Boxing Day 1942
Lots of submarine action today across the theatre.
Japanese submarines have attacked and damaged two ships. The first reported attack came in the form of a May Day sent by the tanker Gulfbreeze enroute back to Los Angeles. She reported being struck by a torpedo off Brisbane two days into her return journey. Damage was moderate and she was making her way back to Brisbane trailing fuel and oil. Two gunboats have been dispatched from Brisbane to escort the wounded fuel carrier into port.
A second report of an attack came from the 6100 ton Dominion L Cargo Class ship Troilus off Koggala n Ceylon. She reported substantial flooding and several fires in her cargo holds after being struck but what appears to be one torpedo. She is making 5 knots and heading due East into Koggala. She is the second ship attacked in these waters in a week despite the patrolling by a number of corvettes. Several Walrus float planes have been redeployed into Koggala itself to help counter this submarine menace.
Further to the NW HMS Jasmine and HMS Thyme (Flower Class Corvettes) did however exact some measure of revenge as they successfully sunk an enemy submarine patrolling off Colombo. A solid sonar contact was followed by a successful depth charge attack. 36 charges were dropped by the Thyme which resulted in the surfacing of a Japanese submarine which was immediately engaged by the 4 inch guns mounted by the Corevettes. The enemy sub, clearly damaged was quickly set on fire but not before hitting the Jasmine with her deck gun, causing light casualties but hitting the ship’s engine room hard. 13 minutes after surfacing the sub rejoined the depths never to return!
Japanese submarines were also active in the Aleutian Islands with ASW patrols twice engaging an enemy submarine just off the harbour entrance at Adak Island. The DD Brooks, escorting an outgoing convoy back to Seattle, reported dropping 12 depth charges over a solid sonar contact near the mouth of Kuluk Bay on her outward journey. She relayed the coordinates to the standing ASW patrol of three YMS who then rengaged an enemy submarine slightly further out than where the Brooks reported its original position.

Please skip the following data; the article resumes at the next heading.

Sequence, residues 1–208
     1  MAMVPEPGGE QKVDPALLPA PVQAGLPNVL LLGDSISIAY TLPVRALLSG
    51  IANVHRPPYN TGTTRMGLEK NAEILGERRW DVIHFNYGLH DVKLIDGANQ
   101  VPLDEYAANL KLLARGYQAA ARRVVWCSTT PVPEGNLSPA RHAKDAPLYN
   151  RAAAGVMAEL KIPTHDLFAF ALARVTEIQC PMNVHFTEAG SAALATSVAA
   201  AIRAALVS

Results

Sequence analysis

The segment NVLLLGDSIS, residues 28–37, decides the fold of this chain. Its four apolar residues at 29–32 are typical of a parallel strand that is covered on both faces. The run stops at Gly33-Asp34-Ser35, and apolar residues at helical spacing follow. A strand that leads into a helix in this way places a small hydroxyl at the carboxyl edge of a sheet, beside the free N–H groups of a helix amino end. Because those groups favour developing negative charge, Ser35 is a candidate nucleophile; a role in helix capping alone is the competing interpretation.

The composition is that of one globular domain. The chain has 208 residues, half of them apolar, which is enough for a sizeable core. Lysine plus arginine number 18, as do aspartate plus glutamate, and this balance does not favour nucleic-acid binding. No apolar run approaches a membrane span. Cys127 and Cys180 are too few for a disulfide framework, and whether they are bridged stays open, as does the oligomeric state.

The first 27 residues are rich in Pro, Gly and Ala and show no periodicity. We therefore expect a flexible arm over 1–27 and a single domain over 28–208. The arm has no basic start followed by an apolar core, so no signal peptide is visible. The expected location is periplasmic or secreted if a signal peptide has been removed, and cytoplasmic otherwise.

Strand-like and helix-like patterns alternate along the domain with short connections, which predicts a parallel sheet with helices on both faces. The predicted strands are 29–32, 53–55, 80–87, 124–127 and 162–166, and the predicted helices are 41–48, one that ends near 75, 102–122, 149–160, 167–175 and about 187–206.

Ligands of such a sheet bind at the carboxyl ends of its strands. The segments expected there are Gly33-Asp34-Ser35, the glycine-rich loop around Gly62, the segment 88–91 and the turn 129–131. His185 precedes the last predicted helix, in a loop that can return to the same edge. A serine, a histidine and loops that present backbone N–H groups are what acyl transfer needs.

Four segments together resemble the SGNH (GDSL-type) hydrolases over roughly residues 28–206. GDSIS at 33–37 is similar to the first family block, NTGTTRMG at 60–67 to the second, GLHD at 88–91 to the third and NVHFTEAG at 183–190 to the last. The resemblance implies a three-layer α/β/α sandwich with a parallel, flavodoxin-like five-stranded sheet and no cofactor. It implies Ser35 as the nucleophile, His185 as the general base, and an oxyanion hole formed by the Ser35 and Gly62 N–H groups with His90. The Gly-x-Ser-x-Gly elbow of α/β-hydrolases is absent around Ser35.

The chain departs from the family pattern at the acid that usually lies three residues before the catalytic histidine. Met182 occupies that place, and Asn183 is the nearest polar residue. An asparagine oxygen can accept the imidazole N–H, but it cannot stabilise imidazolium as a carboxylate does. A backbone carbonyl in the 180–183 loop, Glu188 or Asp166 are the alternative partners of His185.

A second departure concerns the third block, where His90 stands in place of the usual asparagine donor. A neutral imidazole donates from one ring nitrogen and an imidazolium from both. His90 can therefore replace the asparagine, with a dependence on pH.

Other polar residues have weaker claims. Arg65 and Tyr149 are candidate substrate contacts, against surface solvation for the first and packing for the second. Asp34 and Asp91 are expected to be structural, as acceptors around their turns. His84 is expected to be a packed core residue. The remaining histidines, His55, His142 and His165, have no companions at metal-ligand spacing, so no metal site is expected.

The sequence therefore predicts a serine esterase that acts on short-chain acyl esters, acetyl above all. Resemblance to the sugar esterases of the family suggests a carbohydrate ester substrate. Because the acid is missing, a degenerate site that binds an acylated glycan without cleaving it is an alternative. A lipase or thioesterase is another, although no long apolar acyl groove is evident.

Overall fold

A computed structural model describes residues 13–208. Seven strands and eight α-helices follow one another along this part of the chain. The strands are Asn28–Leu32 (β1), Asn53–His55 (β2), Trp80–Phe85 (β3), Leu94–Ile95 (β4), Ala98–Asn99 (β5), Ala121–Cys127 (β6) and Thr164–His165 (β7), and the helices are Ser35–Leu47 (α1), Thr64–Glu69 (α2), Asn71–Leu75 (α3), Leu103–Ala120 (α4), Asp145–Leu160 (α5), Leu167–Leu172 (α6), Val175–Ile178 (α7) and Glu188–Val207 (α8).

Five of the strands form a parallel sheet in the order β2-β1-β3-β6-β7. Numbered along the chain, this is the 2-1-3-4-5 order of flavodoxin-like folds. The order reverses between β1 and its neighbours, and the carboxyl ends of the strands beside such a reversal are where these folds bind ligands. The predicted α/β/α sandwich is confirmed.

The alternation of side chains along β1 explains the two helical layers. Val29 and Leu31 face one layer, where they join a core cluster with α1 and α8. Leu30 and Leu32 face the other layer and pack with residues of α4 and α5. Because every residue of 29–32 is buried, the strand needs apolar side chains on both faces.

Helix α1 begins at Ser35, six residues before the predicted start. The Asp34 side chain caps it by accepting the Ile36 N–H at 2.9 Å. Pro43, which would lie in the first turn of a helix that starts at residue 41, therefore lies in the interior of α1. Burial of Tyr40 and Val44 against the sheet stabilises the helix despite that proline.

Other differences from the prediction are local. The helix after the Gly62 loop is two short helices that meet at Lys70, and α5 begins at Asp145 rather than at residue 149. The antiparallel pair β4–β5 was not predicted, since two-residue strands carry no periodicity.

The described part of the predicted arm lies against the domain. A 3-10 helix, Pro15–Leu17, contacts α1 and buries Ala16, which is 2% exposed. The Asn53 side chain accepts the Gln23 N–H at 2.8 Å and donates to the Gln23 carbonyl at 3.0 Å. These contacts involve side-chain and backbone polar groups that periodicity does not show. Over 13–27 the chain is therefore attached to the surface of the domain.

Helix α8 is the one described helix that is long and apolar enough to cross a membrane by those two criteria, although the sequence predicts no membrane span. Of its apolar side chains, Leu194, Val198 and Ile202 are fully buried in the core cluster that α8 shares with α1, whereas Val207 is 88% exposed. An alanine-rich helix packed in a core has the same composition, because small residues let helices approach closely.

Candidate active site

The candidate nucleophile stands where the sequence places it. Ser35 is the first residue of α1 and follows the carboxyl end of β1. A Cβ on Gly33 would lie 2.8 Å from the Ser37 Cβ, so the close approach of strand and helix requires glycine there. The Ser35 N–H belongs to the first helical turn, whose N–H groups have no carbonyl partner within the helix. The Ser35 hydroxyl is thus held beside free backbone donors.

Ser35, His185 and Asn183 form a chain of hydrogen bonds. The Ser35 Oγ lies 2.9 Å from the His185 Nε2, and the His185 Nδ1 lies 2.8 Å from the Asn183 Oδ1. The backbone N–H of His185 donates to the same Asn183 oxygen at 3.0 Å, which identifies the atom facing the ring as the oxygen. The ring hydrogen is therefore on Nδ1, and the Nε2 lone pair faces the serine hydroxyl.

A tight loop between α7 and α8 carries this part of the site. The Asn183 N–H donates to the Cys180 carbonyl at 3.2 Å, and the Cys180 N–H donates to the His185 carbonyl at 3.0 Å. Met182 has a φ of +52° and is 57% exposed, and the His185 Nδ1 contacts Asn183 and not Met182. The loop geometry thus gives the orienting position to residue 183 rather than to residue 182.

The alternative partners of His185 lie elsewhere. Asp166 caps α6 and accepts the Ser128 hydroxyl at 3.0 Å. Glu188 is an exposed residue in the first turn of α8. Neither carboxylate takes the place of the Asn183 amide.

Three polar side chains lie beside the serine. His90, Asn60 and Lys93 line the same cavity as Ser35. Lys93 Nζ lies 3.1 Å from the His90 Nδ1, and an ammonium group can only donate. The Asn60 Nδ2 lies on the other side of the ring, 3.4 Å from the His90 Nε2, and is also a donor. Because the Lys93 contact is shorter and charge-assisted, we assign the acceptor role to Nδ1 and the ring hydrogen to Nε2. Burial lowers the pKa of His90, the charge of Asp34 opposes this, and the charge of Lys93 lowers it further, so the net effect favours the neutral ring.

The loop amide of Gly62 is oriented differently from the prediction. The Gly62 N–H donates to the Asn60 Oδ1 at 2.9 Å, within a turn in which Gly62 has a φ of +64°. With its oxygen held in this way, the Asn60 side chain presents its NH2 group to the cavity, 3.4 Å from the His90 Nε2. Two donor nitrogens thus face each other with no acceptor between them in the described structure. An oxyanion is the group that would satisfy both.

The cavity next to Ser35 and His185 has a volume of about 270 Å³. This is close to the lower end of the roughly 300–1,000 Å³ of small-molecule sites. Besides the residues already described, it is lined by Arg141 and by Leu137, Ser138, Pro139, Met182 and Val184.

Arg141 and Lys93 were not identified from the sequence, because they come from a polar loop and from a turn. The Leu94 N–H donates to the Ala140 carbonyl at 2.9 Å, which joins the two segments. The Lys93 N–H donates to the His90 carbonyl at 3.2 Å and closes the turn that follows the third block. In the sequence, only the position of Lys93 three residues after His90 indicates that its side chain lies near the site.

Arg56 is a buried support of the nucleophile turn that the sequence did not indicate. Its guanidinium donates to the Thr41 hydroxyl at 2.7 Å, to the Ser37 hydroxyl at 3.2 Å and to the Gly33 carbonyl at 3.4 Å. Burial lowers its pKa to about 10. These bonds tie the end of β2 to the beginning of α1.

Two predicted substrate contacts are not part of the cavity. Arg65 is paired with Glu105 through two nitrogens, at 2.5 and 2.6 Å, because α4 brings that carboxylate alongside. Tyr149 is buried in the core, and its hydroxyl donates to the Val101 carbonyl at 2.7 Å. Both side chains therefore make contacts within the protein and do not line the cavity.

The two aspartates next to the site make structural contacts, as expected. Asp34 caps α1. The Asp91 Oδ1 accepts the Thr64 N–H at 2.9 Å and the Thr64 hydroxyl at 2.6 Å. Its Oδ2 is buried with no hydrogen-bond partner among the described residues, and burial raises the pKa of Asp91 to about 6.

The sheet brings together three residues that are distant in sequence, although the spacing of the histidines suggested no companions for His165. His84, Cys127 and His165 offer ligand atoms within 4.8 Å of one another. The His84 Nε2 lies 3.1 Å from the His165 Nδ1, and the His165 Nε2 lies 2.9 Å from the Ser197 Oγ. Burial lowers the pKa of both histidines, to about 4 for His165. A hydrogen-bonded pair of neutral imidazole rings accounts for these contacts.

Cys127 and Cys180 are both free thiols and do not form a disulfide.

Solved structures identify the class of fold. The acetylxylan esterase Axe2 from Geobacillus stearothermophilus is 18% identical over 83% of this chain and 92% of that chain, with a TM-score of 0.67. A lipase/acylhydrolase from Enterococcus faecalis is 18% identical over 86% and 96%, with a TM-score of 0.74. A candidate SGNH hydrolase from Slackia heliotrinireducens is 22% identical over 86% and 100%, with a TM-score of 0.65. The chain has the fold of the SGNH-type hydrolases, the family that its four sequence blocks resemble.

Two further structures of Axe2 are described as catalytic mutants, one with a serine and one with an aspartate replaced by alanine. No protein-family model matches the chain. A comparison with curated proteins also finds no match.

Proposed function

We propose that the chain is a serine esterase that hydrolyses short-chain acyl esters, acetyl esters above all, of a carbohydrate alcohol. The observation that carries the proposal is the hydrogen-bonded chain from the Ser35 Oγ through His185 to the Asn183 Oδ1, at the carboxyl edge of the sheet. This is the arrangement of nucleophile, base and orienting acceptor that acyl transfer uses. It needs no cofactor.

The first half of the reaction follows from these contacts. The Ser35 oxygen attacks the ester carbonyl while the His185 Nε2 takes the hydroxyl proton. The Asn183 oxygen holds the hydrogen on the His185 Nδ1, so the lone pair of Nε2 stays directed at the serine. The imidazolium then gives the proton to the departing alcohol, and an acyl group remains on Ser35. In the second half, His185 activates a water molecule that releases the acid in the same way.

Yet the most telling submarine contact of the day came from the SS Saury near Kusaie Isanld in the Western Marshall Islands. Rumours have been afoot of a major Japanese operation for weeks now. Massively increased radio traffic had been detected at Truk and there has been a rise in the number of vessels there. High alerts had been issued from Colombo to Pearl Harbour especially after the recent reawakening of the Japanese submarine fleet. SS Saury’s message rasied those alerts to Red Alert all around the recently conquered bases in the Marshalls. At 12:30 hours she reported the sighting of two float planes, not an uncommon sight as Japanese submarines are known to carry them. At 13:04 hours she reported the sighting of an aircraft strongly resembling a B5N2 torpedo bomber, clearly a carrier borne plane. Its identity was conformed when the Saury reported being attacked by a duo of Kates carrying bombs one of which exploded very near to the sub causing substantial damage. Commander Burnside immediately put his boat on a course to the nearest port but also, rather riskily, sent the contact report in the open. The Japanese would hear it but so too would his underwater brothers nearby…